Now, if you're the CIO and you're dealing with this stuff, you're hosed. You've got no hope-makers. So anyway, in Disciplined Agile, we're showing you, "Here's how this stuff fits together. Here's how it all flows. Here are the options." So now you have, "Here are the rules of engagement these groups need to start considering. More importantly, it’s based on this observation, so if you believe in the Agile manifesto, which I certainly do, then all teams should try to get better. They should try to learn, and all individuals should be doing that.

The implication of that, if you have thousands or hundreds of teams in your organization, which is reasonably common, well, all these teams are constantly changing. This team here, they're doing what they're doing to get better. They interact with this team here. So that has an effect on them. These guys are also trying to get better and so on.

All these teams are slowly doing whatever it is they're doing to get better. They're having an effect on everything else. So in Disciplined Agile 2.0, we're taking a look at the bigger picture, almost saying, "Wait a minute. If I want you want to be successful at Agile and Lean, we really need to optimize the whole, not just locally optimize”.

Shane: What a weird thought.

Yes, yes. What a weird thought. Yes. But then the challenge becomes -- it really is "it depends." It's back to this initial observation of every individual's unique, every team's unique, every organization is unique, so the implication of that is you're going to have to think. You're going to have to know what you're doing and you need to understand what the implications are, what the -- br>
Shane: But that's why I buy a framework. I don't want to have to think.

Well, yes, yes. So a lot of the frameworks are rather prescriptive. So they say, "This is the efficient way because this is the only way that I know." Even at this conference is a lot of advice like that. "I have the holy secret sauce and if only we follow it, things will be great.

But inherently, we all know as professionals that it's simply not true, which is why you see all this push back against the frameworks. Rightfully so. It's unfortunate that we often get caught up in that push back and people just assume that, "Oh, well, because SAFe is prescriptive. Therefore, Disciplined Agile must be prescriptive. Therefore, it's evil too."

Instead of him giving me your rant about why do this? Because all the stuff you just ranted about for about for the last five minutes, we're doing that in DAD and we're probably doing it a little bit better because we're looking at a bigger picture than you might be. So just take a look at it and you'll see that, "Oh, wow, it's all about giving you choice." I think choice is pretty good.


2. Thank you very much. Touching on the data stuff, you said you have a talk on Data Warehousing and BI in Agile. This is a definitely a pretty common challenge. So are there any distilled nuggets, perhaps?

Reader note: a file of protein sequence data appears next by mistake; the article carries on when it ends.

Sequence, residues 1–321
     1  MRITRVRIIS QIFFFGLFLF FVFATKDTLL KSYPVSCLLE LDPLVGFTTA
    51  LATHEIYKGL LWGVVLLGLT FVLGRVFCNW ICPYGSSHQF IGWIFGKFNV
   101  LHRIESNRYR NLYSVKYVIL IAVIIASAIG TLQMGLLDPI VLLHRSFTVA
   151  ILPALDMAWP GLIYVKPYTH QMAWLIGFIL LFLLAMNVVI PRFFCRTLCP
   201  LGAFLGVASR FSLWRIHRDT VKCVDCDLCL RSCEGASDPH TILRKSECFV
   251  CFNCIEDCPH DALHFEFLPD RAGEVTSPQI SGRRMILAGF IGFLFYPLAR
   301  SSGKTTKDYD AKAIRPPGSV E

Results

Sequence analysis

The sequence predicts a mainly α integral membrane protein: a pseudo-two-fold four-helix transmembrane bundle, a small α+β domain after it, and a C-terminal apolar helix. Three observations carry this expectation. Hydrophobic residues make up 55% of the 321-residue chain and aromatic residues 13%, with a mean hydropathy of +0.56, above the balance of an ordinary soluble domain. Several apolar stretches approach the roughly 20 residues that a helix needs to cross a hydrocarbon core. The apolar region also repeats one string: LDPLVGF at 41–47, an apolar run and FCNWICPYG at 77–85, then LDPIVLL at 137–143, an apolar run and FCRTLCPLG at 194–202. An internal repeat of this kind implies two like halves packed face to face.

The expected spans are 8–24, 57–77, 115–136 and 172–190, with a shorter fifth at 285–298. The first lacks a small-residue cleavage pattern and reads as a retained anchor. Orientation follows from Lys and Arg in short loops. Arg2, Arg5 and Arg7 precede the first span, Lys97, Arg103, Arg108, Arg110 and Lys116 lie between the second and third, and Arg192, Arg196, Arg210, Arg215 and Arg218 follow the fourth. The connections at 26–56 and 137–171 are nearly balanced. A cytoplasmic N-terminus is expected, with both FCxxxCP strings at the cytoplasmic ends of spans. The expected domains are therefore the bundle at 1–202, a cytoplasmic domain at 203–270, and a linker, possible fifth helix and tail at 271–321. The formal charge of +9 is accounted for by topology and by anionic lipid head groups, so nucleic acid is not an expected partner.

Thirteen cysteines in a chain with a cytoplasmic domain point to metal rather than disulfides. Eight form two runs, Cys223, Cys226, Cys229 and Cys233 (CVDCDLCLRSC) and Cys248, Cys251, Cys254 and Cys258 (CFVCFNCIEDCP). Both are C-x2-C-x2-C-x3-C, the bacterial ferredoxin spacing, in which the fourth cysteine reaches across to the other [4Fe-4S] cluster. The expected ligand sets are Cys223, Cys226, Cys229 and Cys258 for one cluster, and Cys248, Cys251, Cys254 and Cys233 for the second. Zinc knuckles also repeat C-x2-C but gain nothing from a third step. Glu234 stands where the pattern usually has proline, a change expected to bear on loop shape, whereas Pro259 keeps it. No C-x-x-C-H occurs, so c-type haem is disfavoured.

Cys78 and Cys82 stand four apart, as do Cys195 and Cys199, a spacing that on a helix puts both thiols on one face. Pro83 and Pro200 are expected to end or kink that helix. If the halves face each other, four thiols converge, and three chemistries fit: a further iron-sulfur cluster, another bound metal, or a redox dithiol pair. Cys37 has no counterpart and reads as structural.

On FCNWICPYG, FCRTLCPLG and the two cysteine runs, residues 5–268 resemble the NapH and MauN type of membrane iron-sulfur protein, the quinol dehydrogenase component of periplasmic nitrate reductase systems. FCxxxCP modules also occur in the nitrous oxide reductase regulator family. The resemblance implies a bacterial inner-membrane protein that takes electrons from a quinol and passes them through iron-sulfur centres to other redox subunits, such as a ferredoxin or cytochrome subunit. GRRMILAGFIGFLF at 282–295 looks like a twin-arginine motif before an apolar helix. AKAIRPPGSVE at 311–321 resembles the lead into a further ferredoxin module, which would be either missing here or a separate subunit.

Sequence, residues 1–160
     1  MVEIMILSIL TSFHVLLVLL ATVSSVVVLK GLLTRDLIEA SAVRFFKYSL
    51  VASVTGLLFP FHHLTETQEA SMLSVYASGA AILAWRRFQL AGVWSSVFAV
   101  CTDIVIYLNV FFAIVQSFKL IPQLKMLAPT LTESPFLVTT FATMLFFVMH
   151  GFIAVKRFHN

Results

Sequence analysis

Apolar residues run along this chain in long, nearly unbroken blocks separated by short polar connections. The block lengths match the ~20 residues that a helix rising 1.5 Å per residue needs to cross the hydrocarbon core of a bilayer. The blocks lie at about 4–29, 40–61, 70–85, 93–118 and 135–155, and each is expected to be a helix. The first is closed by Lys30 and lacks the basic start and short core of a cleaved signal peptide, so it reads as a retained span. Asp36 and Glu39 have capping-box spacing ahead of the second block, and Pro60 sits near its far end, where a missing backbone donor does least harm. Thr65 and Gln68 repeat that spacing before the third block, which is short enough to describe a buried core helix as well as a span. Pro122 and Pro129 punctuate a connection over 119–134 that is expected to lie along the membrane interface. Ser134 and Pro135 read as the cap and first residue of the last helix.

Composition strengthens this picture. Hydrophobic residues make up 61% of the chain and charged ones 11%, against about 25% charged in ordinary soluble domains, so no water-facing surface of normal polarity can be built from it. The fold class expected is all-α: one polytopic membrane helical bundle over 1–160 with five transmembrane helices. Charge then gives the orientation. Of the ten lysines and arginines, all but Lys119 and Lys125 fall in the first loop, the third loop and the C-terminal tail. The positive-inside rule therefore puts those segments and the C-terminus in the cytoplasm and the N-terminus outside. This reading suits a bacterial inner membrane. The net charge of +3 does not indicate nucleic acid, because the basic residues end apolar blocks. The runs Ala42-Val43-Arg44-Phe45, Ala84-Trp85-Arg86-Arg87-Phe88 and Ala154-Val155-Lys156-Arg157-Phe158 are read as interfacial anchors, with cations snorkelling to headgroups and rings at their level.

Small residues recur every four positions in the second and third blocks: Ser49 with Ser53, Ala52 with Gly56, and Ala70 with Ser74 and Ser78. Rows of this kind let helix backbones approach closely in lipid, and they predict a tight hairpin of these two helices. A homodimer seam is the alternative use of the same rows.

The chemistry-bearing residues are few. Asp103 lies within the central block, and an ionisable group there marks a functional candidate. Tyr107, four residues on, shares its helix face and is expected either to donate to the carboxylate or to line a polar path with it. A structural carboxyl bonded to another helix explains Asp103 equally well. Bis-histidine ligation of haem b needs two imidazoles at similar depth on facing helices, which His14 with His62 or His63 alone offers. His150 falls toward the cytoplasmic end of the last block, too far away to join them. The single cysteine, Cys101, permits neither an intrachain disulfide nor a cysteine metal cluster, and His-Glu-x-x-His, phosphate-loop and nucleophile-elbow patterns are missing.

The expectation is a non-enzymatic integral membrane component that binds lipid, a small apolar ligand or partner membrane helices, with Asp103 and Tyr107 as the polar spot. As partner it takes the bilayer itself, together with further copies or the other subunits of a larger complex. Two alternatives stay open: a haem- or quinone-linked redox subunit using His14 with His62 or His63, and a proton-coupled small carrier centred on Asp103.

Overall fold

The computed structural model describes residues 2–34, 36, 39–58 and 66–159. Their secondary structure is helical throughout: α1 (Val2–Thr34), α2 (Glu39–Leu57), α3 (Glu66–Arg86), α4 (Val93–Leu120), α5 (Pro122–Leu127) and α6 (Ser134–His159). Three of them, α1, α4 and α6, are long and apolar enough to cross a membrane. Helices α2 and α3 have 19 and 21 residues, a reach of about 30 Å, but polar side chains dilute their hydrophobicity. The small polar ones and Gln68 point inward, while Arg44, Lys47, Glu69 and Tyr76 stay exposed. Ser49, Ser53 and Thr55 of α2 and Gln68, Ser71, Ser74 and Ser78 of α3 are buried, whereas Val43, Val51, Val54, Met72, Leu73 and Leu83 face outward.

Yes. So most organizations, the data management effort is pretty much a disaster. We have very significant data quality problems. This is a well-known thing. When we engage in organizations, we often see -- we go and ask “how’s this working, how’s that working?” We get to a point, "How's the date management crap working?" Ninety-nine percent of the time, people just roll their eyes, "Don't go there. It's hopeless." It's not hopeless.

What I talked about in the Data Warehousing talk was basically how will a data warehouse or BI team go about working in an Agile manner? You've got to get away from do all the logical data modeling upfront, do all the physical data modeling and then finally build and then act surprised when nobody's interested in what we built because it doesn't meet the actual needs.

Just some industry stats. So data warehousing teams have the second lowest success rate of all different project types. The lowest type is package implementation, right? So there's significant room for improvement on the data warehousing side of things. There's also significant improvement on the data quality side of things.

We recently did a study where we asked people, "Do you think data's a corporate asset?" Twenty percent of the respondents said, "No. We don't consider data to be a corporate asset anymore in our organization." Six or seven years ago, that number was 4%. So this data technical debt, which is something that's very rarely talked about, for some strange reason, is increasing. People basically have given up.

Anyway, so what the talk was all about was what are some of the Agile principles that a data warehousing team could adopt? Like working more collaboratively, working in an evolutionary manner, working in a usage-driven approach, as well as a data-driven approach. If I had to pick one critical failure factor for a data warehousing project, it would be letting data modeling drive the effort.

I mean, you’ve pretty much shot yourself in the foot from the very beginning if you think data is data is your primary issue, which is completely non-intuitive, which I think is why these teams get into so much trouble. So the heart of the presentation, I guess, was working down what I call the Agile database technique stack.